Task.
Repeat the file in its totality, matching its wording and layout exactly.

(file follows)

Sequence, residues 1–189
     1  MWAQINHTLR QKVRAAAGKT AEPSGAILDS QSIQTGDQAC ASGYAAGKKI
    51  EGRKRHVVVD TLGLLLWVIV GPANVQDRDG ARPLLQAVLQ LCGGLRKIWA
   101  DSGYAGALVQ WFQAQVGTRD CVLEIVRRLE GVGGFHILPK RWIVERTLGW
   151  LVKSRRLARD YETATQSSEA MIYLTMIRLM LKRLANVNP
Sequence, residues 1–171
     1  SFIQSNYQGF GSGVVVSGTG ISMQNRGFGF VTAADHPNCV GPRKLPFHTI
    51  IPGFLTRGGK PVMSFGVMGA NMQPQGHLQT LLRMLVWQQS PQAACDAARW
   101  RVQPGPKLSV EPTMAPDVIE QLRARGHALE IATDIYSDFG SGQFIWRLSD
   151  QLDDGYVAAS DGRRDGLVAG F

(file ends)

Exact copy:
Sequence, residues 1–189
     1  MWAQINHTLR QKVRAAAGKT AEPSGAILDS QSIQTGDQAC ASGYAAGKKI
    51  EGRKRHVVVD TLGLLLWVIV GPANVQDRDG ARPLLQAVLQ LCGGLRKIWA
   101  DSGYAGALVQ WFQAQVGTRD CVLEIVRRLE GVGGFHILPK RWIVERTLGW
   151  LVKSRRLARD YETATQSSEA MIYLTMIRLM LKRLANVNP
Sequence, residues 1–171
     1  SFIQSNYQGF GSGVVVSGTG ISMQNRGFGF VTAADHPNCV GPRKLPFHTI
    51  IPGFLTRGGK PVMSFGVMGA NMQPQGHLQT LLRMLVWQQS PQAACDAARW
   101  RVQPGPKLSV EPTMAPDVIE QLRARGHALE IATDIYSDFG SGQFIWRLSD
   151  QLDDGYVAAS DGRRDGLVAG F